High DPI Monitors, Resolution Independance, The Web, and You

Published by Chris Coyier

We all use 72 DPI as a defacto standard when creating web graphics (actually, "PPI" is the more appropriate acronym but rarely used). This used to be the actual resolution of monitors, but slowly over the years this has ceased to be the case. Take my iMac. The screen, straight across horizontally, is 22.5" and has 1920 pixels. That actually comes out to about 85 pixels per inch, not 72. When we design and test website all on the same computer/monitor, everything looks fine, just like we designed it. But when we hop over to a different computer that has a different resolution, there can be dramatic differences!

When viewing a design on a monitor with a higher resolution the design will look smaller.

When viewing a design on a monitor with a lower resolution the design will look bigger.

Say I design a nice website that is 800px wide on my 85 PPI monitor. Then I view the same exact design on a monitor with 100 PPI. Those same 800px take up less physical inch-age on the higher resolution monitor because the pixels are literally smaller. There are more of them packed into that same inch as on my original monitor. The same is true in reverse, if I were to go look on a 72 PPI monitor the design would appear to grow.

This is no longer fantasy or speculation. Reader Denzil Rowe pointed me to a recent article on Apple Insider where Apple is talking about how this issue is coming to the operating system itself. It's not only the web that faces these problems, but literally anything that appears on your monitor.

Some new Macs are shipping with monitors above 100 PPI. The difference between 100 PPI and 72 PPI is quite dramatic. Anything that is borderline-too-small when looking at a design on a 72 PPI monitor will likely be totally unreadably small on a 100 PPI display.

So what is the solution? Short term, just be aware of the difference and don't design things too small if you are still on an older 72 PPI monitor. Long term, resolution independence.

Dave Hyatt wrote extensively on the subject a few years back.

The natural way to solve this "high DPI" problem is to automatically magnify content so that it remains readable and easily viewable by the user. It's not enough of course to simply pick a pleasing default, since the preferences of individuals may vary widely ... The full solution to this problem therefore is to allow your user interface to scale, with the scale factor being configurable by the user. This means that Web content has to be zoomable, with the entire page properly scaling based off the magnification chosen by the user.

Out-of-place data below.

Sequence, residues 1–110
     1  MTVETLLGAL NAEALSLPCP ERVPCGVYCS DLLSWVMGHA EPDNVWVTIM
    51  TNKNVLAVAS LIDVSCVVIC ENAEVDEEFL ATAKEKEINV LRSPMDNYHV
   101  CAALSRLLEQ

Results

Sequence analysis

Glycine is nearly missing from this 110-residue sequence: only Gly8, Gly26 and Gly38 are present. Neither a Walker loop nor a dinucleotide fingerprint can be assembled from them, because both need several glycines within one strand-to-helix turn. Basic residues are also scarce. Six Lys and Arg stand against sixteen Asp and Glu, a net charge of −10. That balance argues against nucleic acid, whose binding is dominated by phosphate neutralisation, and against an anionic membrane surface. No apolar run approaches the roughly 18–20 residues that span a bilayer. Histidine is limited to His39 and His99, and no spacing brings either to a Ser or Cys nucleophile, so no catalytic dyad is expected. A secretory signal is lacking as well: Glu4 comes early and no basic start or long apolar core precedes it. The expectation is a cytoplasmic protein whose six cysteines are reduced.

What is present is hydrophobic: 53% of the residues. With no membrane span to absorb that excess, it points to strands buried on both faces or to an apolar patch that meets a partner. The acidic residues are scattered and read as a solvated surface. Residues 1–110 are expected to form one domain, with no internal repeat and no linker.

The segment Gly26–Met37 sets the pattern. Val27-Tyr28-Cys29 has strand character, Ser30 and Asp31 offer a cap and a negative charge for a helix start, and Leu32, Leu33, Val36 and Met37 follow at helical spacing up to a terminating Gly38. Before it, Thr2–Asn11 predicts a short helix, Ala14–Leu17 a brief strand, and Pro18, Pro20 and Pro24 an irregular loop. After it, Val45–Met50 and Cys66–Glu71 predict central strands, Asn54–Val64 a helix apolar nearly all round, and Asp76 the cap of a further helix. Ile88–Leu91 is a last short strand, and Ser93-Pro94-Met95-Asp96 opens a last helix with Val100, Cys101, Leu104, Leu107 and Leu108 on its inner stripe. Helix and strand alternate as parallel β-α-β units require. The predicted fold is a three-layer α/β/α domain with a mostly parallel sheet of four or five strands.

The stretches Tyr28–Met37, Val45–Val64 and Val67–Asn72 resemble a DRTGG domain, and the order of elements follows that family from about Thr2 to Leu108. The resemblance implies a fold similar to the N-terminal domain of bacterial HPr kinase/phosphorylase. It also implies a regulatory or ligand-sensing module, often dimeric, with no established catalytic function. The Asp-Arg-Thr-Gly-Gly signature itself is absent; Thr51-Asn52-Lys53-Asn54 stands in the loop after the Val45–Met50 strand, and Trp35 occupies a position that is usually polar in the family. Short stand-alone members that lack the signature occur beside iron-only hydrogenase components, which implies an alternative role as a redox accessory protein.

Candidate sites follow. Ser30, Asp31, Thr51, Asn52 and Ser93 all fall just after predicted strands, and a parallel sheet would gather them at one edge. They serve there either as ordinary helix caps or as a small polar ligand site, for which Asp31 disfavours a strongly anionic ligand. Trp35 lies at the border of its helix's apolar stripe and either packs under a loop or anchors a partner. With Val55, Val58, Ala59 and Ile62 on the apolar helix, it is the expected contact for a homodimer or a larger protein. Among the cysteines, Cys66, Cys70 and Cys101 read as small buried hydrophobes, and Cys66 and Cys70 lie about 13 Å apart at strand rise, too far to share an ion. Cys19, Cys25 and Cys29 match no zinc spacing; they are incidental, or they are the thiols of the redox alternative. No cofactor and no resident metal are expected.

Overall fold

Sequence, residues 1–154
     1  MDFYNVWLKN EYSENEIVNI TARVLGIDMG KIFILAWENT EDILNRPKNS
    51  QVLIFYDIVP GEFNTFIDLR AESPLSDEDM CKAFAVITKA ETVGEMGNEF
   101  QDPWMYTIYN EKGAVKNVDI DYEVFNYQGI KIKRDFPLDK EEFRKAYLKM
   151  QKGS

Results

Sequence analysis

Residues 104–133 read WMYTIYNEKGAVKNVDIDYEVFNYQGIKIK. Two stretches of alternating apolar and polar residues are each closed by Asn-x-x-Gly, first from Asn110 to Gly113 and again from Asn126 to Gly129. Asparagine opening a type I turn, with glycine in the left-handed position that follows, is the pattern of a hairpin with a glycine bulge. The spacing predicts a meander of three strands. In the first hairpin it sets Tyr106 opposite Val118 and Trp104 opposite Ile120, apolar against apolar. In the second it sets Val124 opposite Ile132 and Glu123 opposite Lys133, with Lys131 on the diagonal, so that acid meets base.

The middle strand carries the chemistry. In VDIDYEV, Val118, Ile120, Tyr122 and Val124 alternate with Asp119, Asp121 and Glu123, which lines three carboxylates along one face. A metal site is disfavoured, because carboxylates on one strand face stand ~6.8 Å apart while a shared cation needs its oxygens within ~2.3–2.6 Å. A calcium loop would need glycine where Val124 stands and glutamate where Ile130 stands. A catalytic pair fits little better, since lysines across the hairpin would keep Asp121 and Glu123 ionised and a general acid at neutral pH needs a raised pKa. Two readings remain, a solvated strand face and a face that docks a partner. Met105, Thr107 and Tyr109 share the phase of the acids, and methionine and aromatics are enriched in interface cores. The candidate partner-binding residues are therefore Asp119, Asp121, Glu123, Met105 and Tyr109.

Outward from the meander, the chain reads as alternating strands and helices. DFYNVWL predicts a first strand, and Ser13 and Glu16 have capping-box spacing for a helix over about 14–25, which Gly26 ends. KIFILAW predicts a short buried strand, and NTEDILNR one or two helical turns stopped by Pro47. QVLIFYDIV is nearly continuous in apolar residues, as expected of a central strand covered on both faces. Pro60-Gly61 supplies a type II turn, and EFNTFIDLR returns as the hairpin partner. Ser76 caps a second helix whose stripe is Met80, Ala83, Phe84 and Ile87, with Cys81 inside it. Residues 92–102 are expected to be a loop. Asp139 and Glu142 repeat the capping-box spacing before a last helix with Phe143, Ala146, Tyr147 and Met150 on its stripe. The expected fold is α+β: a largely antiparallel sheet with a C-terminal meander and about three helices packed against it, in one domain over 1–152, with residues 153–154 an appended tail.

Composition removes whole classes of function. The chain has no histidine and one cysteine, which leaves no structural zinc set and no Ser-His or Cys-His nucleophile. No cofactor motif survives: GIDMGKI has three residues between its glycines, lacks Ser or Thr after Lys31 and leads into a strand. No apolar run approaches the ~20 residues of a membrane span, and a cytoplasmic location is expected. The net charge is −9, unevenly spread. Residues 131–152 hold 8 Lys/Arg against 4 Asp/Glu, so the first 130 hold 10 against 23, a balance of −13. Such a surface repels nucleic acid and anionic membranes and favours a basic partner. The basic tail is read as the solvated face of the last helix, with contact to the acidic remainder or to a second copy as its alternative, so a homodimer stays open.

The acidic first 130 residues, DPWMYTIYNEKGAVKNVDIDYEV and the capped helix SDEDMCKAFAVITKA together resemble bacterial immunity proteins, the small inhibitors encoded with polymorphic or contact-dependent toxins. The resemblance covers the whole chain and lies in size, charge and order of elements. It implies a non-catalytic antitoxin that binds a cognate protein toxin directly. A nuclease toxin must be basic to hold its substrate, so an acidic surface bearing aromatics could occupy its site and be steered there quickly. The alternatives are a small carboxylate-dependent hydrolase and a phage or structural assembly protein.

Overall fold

In other words, zooming is part of the solution, and we've seen this as a trend in all recent versions of major browsers. The problem with zooming, as is abundantly clear the first time you ever do it, is that images look like crap when you zoom them larger than they were created.

SVG (Scaleable Vector Graphics), is the likely contender for an image format that will help us battle scaling problems. But with new formats arises all the typical problems. Will all browsers support it, and in the same way? Does the CSS spec need to change to accommodate it? How will it degrade? And on and on.

Dave's article shows code samples of how we might have a "high resolution" version of our sites for browsers that support it:

div {
  background: url(tiger-low.png);
  background: url(tiger-high.png) (100px 100px);
}

The future is upon us! Although it feels like it will still be a while before the mainstream web is ready for day-to-day designers to be worrying about this stuff.

On a related note, did you know that pixels in CSS aren't necessarily equal to a screen pixel?


Wanna learn more about SVG?

I have a full course available called Everything You Need to Know about SVG that covers the whole spectrum of SVG from the perspective of a web designer and front end developer.